Have you have ever allowed your imagination to wander off to all the glorious, glamorous potential outcomes of your writing? Like seeing your books hit the bestseller lists, catapulting you to fortune and fame?
So has an author I work with, Tony Vanderwarker . For three years, Tony was mentored one-on-one by none other than John Grisham. In the memoir he’s penned about the experience, Writing With The Master: How a Bestselling Author Fixed My Book And Changed My Life (Skyhorse, February 2014), he talks with refreshing candor about his fantasies of wild success. “My imagination goes haywire ,” he writes. “I dream I’m on the set of the Today Show chatting about what it’s like to write a novel with John Grisham. Maybe John will join me? How big an advance will I get? Will there be a Porsche Turbo in the offing? Who’s going to star in the movie version of my book? Harrison Ford, maybe? Will I be asked to write the script?”
But that’s just the beginning. Throughout the narrative Tony describes visions of his book selling for six figures at auction and muses about enjoying the perks of wealth including—why not?—a private jet.
Reading these sections, I literally squealed with joy. Not only could I relate to Tony’s meanderings 100%, having imagined—no: believed—early on in my own writing adventures that the novels I’d produce would bring in a sustainable income and that I’d live happily ever after as a well-fed, published author; I also found it a relief to finally see them expressed in print.
We writers go to such great lengths to stay grounded in reality that we’ve trained ourselves to push those big dreams out of our minds altogether. We repeat ad nauseum that we write for the pure love of it. That we write because we simply must. Sure, we tell ourselves, publication would be nice, but neither the painfully slim chances nor rejection will stop us. As for money, we shrug: we’ll take it if it comes our way but in the meantime, readers’ praise is as good as gold.
As for talking about any grandiose dreams we may still harbor—whoa. Taboo. Who would risk making peers roll their eyes and snigger behind our backs by actually saying, “I’ve got a bestseller going here, I can feel it. And it’ll pay those college bills!” Or by admitting to the mere hope that such a thing could happen?
One blogger Tony spoke with about a guest post actually asked him to remove the language about the Porsche, the advance and Harrison Ford. “That’s not what it’s all about, is it?” The blogger wrote in a comment, which included a little smiley face as if to gently remind him to stick to the party line.
Yet—dreaming is a natural part of creativity. The creative mind pays no heed to the borders between fictitious storylines and real-life events. When I’m on a great writing roll, for example, I’m usually on a great dreaming roll too, projecting into an idyllic future where I have no day job, take dance classes in the mornings instead of at night and…sigh…finally own a cottage in the south of France. When publicizing authors—a highly creative endeavor—I fantasize about their success too!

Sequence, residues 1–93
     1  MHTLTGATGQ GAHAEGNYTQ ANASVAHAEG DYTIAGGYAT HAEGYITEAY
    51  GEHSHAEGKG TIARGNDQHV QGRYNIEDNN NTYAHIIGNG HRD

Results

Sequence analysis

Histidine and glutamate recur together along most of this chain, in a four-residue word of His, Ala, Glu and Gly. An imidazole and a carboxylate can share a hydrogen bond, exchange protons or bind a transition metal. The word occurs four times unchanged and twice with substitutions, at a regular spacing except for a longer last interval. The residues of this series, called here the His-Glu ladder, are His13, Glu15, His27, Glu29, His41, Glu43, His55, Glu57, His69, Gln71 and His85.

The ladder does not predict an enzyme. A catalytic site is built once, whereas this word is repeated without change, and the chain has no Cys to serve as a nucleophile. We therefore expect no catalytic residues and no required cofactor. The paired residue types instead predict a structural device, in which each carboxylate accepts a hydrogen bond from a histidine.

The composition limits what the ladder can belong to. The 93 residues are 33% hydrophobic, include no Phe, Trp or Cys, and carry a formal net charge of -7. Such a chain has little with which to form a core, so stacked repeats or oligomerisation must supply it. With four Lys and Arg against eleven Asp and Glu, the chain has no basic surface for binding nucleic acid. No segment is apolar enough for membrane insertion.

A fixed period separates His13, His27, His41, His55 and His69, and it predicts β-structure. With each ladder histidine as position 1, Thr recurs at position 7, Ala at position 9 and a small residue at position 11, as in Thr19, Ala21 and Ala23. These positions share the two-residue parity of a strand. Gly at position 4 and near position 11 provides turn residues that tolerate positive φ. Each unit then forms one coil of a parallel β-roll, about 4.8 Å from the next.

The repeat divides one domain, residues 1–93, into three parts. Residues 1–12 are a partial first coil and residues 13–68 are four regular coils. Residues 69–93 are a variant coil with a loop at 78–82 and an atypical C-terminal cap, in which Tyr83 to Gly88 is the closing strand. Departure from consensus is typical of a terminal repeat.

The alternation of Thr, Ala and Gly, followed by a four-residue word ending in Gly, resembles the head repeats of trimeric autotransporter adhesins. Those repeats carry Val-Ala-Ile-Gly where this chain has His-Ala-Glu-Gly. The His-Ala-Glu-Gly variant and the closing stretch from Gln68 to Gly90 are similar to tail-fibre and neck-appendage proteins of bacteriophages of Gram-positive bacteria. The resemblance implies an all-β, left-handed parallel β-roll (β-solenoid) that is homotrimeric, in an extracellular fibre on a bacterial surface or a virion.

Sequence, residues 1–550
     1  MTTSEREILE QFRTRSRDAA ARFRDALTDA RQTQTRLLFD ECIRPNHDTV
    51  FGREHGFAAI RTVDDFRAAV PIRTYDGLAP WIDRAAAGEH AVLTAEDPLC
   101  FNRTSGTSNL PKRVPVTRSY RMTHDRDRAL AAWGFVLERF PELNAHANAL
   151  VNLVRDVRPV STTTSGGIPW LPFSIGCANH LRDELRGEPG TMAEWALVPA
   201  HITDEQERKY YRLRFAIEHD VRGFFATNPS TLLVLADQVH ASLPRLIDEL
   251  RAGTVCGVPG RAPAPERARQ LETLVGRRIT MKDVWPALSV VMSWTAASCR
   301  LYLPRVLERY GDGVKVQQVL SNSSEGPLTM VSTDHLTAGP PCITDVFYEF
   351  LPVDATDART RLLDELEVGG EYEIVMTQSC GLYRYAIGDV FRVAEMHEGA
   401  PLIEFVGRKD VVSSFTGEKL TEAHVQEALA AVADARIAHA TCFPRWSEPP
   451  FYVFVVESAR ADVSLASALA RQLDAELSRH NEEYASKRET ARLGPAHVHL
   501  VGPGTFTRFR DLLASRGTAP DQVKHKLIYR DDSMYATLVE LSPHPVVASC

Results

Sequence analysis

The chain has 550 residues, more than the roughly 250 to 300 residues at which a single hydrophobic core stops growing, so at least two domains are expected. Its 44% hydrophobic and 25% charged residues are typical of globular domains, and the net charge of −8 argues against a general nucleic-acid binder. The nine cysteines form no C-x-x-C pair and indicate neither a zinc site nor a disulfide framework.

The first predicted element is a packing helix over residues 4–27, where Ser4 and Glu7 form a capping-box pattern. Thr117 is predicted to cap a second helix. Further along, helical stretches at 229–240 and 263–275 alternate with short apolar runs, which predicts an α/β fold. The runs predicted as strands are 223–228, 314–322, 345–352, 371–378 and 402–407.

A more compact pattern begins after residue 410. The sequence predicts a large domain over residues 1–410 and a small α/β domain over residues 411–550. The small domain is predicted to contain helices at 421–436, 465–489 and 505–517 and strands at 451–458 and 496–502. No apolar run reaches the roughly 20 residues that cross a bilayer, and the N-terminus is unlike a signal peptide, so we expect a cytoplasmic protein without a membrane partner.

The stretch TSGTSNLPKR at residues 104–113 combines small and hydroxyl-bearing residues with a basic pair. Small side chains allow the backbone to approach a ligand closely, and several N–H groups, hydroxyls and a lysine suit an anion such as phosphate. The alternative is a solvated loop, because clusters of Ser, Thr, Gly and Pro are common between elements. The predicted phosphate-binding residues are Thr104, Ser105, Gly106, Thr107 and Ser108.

A few years back, deflated from rejection and the struggles of self-publishing, I decided to stop dreaming. For a while, I didn’t write at all. And when I did venture back to the keyboard, it was to try my hand at a short story. This choice felt safe: not only could I fit a little short story into my life and schedule more easily than a huge, messy novel, but with no market for short stories, there’s no fodder for big dreams. At best, short fiction gets archived in obscure literary magazines and earns Pushcart nominations. The word “sales” never enters the equation.
Then a strange thing happened. As I warmed up and the words started flowing more freely, ideas for related stories came to mind. Soon I had sketched out a complete short story collection. “Something I can publish,” I thought one day. And suddenly my imagination was galloping off to New York Times reviews, teaching positions, invitations to give talks around the country—around the world!—paid, of course, and….and….
Even as I tried to stop myself, I realized: the buzz of dreaming big was nourishing my fiction. I was back on a writing roll, and it felt good.
Sure, dreaming big is risky. Friends will roll their eyes, and for every high there’s a disappointing low. But what’s creativity if not dreaming? Playing it safe and asking our imaginations to stick to socially-accepted norms means cutting off a source of fathomless inspiration. With all the talk out there about taking risks as writers, isn’t it time we gave ourselves permission to take this risk, too, off the page?
Do you dream big?
What outcomes of your writing do you imagine but not dare admit?